By BOB ANEZ/Associated Press Writer
The state Board of Regents balked Thursday at raising student fees as part of the plan to bail out of the deficit-plagued University of Montana athletic program, after members could not agree on how much students should have to pay.
Members rejected a proposal pitched by UM President George Dennison that would have imposed a new athletic fee on part-time students and increased the fee on full-time students. They also voted down an alternative to delay the latter increase for a year.
Unless the board takes up the issue again when its meeting resumes Friday, a complete solution to the nearly $1 million deficit in the Grizzly sports program will have to wait until the July meeting. The two proposed fee increases would raise an estimated $77,500 the first year.
A discouraged Dennison sat staring at the table after the 4-3 vote. A delay in regent action will leave UM athletics in financial limbo for another two months, he said.
''It's not knowing exactly where we are,'' he said. ''You can't go back to the drawing board. We've already used the drawing board to draw this up. I thought the solution proposed would work.''
Regent Chairman John Mercer was equally frustrated.
''The Board of Regents needs to make decisions,'' he said. ''We should send a message right now that this is the will of the board that there will be no fee increase'' in 2004.
But other regents argued against boosting the fee at all, even though student leaders reluctantly endorsed the idea.
''This is not the students' problem,'' said Lila Taylor of Busby. She suggested UM officials look for more spending reductions in athletics.
Thursday's developments came after the regents reviewed a report detailing the causes of UM athletics' chronic financial problems. Prepared by a special committee formed to investigate the matter, it said officials at the Missoula school failed to properly monitor the athletic department's budget that has had deficits for five of the six most recent years.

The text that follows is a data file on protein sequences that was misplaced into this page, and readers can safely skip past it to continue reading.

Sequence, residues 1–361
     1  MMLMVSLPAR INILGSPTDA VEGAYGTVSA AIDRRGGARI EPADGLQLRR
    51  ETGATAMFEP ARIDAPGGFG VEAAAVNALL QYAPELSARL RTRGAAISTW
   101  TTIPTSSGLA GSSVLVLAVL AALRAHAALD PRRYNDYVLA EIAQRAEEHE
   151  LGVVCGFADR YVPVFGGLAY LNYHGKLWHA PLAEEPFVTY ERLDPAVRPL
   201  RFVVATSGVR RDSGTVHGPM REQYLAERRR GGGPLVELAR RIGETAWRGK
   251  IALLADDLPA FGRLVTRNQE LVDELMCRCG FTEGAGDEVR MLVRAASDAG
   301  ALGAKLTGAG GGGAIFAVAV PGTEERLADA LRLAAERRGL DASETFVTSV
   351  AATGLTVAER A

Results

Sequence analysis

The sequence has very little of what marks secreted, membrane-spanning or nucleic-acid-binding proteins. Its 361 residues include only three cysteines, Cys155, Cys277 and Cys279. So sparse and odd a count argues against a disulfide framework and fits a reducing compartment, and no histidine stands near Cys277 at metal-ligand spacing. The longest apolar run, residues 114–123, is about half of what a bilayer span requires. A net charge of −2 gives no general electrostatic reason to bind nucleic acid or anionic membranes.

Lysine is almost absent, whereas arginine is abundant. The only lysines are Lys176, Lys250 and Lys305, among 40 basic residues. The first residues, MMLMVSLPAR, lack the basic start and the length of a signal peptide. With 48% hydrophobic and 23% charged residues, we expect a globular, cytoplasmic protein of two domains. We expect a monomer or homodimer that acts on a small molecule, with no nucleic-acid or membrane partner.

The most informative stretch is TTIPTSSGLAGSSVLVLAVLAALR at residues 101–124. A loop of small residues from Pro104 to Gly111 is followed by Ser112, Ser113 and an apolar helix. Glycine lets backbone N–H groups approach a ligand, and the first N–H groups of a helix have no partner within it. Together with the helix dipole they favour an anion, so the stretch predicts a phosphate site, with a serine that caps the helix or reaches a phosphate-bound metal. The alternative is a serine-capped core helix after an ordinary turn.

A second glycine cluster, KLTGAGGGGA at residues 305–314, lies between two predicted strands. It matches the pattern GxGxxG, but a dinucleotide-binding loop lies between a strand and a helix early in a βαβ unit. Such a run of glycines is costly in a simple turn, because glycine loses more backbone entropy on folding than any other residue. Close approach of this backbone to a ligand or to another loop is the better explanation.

Panel members said they were stunned to learn that athletic program officials mistakenly believed that finding last-minute money to temporarily balance the books each year resolved the ongoing budget deficit.
''We found it incredible that they could be so stupid,'' said Diane Barz, chairwoman of the committee.
UM officials unveiled last week their plan for gradually eliminating the deficit, mostly by raising more money. The proposal included imposing an athletic fee on part-time students for the first time, charging students to attend football games, raising ticket prices and increasing the $60 annual athletic fee for full-time students to $76 by 2008.
It was that last change that bothered regents most.
''What is the responsibility of students in this thing?'' said Mike Foster, regent from Billings. ''They didn't cause this.''
Regent Richard Roehm of Bozeman said students already pay a lot to attend college and demanding more can prevent some from going to school. ''Every time we have a problem we can't say let's just go to the students,'' he said.
Mercer suggested the fee increase be delayed for a year and that the regents supply an equivalent amount of money from their own budget.
As the group with constitutional responsibility to manage the university system, ''we are taking some of the heat for the mistakes made on our watch,'' he said.
Under Mercer's proposal, the fee increase would not take effect in 2006 unless the deficit-recovery plan appears to be on track for keeping the sports program in the black.
But that did not satisfy most of the seven-member board. Roehm, Foster, Taylor and Christian Hur, the student regent, opposed the idea.
Roehm said he wanted to wait for written assurances from Dennison at the July meeting that UM will adopt all the recommendations for improvements in the athletic department's budgeting process made by the special committee.
''We're trying to correct a crisis of confidence in our management and oversight,'' he said. ''I don't understand the urgency to pass this today.''
Mercer said he believes Montanans want to put the issue of the UM budget trouble behind them and the regents should oblige. And he chastised those who liked neither his solution nor Dennison's.
''When a group of people put together a solution and you vote it down you are responsible for solving the budget problem,'' he said. ''Those of you who voted no have to come up with a solution.''